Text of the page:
March 12th’s DpSU, Researchers Find Fossil Salamanders’ Last Meals, is a combination of the living fossil argument with the soft tissue preservation one. We have some fossil salamanders, dating at around 150 million years old, that “look almost the same as living salamanders, and they apparently ate the same food.”
This is unsurprising. Salamanders are an entire order of life – making the change required to make them look significantly different rather difficult – that has been around for a good 164 million years. As for the soft tissue:
Publishing in the Chinese Science Bulletin, three paleontologists described the fossils as being “well-preserved as articulated skeletons, even retaining soft tissue impressions.” The fossils showed more than just impressions in mudstone, however. The study authors wrote, “It is obvious that more organic residue (shown by the darker color) is preserved on the surfaces of the carapaces in the gut of the salamander than on those outside, providing further evidence for their being the food of the predator.”
The paper is Two Jurassic salamanders with stomach contents from Inner Mongolia, China. Denied here any definitive example of original organic tissue, Thomas goes on to list others:
They did not test whether the dark fossil material was original and not mineralized soft tissue, but other fossils from the same area appear to have original organics. For example, researchers described lizard skin impressions that may preserve original skin in dark patches. Also, two different Daohugou spider fossils have dark-colored exoskeleton outlines, and one Daohugou specimen contains pterodactyl skin fibers. If direct tests verify biological materials such as protein and chitin, as other similar fossil troves have shown, they wouldn’t support the millions-of-years age assignment because such tissues only last hundreds of thousands of years at most.
How do you know that? These examples are tiny residues, not slightly-rotten meat.
But back to the living-fossil side:
The fact that these fossil salamanders look much the same as their living counterparts also fails to show millions of years’ worth of evolutionary modifications. The Chinese study authors wrote, as an example, “The Jurassic cryptobrachid [sic] Chunerpeton has a flat skull, as does its living relative the Chinese giant salamander, Andrias davidianus, which is benthic [bottom-dwelling].”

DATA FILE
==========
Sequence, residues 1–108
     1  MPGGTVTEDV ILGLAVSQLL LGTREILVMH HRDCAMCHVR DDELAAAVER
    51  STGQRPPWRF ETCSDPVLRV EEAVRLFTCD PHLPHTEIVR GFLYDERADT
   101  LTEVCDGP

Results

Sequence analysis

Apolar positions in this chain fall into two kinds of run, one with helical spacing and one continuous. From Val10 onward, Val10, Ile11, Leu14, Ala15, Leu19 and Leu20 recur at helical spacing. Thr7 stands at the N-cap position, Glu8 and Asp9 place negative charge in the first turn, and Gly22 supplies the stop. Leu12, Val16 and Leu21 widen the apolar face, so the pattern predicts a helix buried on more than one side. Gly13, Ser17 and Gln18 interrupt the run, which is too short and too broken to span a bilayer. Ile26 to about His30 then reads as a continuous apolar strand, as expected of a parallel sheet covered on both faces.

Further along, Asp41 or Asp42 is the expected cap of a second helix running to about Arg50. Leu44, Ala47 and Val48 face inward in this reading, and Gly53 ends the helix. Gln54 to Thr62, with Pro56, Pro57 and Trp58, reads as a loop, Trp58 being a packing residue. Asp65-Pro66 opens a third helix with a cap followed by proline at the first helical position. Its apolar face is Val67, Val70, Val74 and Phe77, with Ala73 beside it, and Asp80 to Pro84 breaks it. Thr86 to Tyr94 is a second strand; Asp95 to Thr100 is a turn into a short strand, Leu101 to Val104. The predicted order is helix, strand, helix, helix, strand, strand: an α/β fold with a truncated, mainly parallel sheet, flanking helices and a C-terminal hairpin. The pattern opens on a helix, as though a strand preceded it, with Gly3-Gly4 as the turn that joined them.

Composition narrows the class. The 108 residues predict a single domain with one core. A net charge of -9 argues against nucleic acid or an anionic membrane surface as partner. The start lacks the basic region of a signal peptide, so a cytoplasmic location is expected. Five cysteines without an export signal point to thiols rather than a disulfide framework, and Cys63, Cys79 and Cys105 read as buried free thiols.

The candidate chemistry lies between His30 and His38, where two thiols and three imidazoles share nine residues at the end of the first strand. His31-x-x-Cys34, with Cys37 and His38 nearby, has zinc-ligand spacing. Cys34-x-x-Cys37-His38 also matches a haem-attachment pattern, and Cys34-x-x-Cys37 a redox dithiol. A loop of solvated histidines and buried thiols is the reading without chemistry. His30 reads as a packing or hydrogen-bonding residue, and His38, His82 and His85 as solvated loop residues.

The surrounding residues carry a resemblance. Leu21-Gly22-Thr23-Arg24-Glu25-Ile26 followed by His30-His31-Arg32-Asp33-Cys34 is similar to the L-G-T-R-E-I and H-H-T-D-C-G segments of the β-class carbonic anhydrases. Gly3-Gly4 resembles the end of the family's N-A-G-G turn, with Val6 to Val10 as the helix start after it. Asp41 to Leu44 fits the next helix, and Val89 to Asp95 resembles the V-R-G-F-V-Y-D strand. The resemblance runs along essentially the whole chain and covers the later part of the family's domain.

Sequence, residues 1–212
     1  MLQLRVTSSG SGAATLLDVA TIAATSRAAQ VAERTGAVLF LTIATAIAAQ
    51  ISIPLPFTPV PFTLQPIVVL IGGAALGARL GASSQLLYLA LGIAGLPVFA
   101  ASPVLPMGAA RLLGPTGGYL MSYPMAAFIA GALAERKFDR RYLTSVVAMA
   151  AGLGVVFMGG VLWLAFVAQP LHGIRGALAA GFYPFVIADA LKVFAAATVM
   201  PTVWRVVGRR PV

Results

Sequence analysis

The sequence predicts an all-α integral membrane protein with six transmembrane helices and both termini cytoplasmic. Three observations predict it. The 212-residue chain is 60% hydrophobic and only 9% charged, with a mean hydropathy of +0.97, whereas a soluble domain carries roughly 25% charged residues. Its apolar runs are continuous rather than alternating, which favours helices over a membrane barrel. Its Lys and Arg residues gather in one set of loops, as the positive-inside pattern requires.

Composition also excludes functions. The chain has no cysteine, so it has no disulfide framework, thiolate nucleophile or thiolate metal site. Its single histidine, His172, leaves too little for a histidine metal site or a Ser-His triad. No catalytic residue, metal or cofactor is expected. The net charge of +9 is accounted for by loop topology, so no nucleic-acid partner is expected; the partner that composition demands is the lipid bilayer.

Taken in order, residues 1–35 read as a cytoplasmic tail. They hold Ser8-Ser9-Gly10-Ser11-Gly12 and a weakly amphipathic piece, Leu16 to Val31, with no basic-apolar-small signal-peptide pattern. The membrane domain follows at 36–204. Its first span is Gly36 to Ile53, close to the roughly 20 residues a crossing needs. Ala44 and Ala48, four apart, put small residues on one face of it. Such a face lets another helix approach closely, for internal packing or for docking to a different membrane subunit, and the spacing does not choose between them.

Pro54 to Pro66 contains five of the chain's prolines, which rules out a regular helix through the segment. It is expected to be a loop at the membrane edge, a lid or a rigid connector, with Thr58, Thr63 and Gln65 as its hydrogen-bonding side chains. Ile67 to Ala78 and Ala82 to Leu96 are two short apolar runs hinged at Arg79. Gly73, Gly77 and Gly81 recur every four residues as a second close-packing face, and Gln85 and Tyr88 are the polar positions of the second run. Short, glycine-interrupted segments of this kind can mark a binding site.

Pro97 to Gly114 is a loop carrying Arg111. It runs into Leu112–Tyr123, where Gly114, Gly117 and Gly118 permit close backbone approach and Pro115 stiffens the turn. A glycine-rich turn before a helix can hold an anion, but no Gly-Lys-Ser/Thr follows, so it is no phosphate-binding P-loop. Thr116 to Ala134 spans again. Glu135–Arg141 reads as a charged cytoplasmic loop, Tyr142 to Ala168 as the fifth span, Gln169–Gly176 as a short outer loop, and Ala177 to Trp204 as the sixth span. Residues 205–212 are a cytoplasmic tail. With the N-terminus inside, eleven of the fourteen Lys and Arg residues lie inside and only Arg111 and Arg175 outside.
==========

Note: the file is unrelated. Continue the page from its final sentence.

Evolution contends that organisms can change – not that they have to. And there are differences: nobody’s saying that the specimens are identical to extant species. And again, ‘salamander’ is an order, which means that classification into it will be quite broad.
So, if salamander bodies have not really evolved, have their diets? Apparently not, according to the authors: “It is not surprising to discover that a Jurassic salamander ate conchostracans [clam shrimp].”1 Living salamanders also eat these.
No, it isn’t – conchostracans are three orders, and have been around since the Devonian, 400 million years ago. Why shouldn’t they have eaten them?
Even the tiny fossil insects preserved in the fossil salamander stomachs looked the same as living insects called corixids, also known in the United States as “water boatmen.” The authors wrote, “Extant [living] corixids mostly inhabit ponds and slow-moving streams where they forage on the bottom ooze; this was probably also true of the corixids at Daohugou.”
Corixidae is, at least, a Family (a level or three more specific, depending on how you count). I see no reason why they too couldn’t have been around a hundred million years ago.
To return to Mr Thomas’ question in his second paragraph:
And since it could only eat those creatures that lived at that time—creatures that had not yet evolved into today’s life forms—wouldn’t it have had a different diet?
There are two species being eaten here: “juveniles of the conchostracan Euestheria luanpingensis” and the “corixid Yanliaocorixa chinensis“. Both the species and even the genii in this case appear to be long extinct – these salamanders were indeed eating contemporary creatures. They just don’t have to be all that different from what is around today: successful organisms are successful.